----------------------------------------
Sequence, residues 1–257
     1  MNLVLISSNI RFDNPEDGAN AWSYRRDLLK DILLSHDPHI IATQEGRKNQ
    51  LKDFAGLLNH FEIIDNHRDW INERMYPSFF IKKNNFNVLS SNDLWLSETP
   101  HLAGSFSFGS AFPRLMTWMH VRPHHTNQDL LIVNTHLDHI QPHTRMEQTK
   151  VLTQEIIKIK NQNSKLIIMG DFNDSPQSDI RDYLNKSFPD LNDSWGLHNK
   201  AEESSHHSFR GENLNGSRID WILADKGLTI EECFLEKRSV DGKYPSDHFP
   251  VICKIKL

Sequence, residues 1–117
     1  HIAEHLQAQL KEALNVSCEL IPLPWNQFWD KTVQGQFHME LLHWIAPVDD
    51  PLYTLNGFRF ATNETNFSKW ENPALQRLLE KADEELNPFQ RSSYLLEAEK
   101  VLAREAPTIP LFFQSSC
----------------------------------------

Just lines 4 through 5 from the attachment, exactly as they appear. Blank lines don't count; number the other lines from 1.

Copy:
   101  HLAGSFSFGS AFPRLMTWMH VRPHHTNQDL LIVNTHLDHI QPHTRMEQTK
   151  VLTQEIIKIK NQNSKLIIMG DFNDSPQSDI RDYLNKSFPD LNDSWGLHNK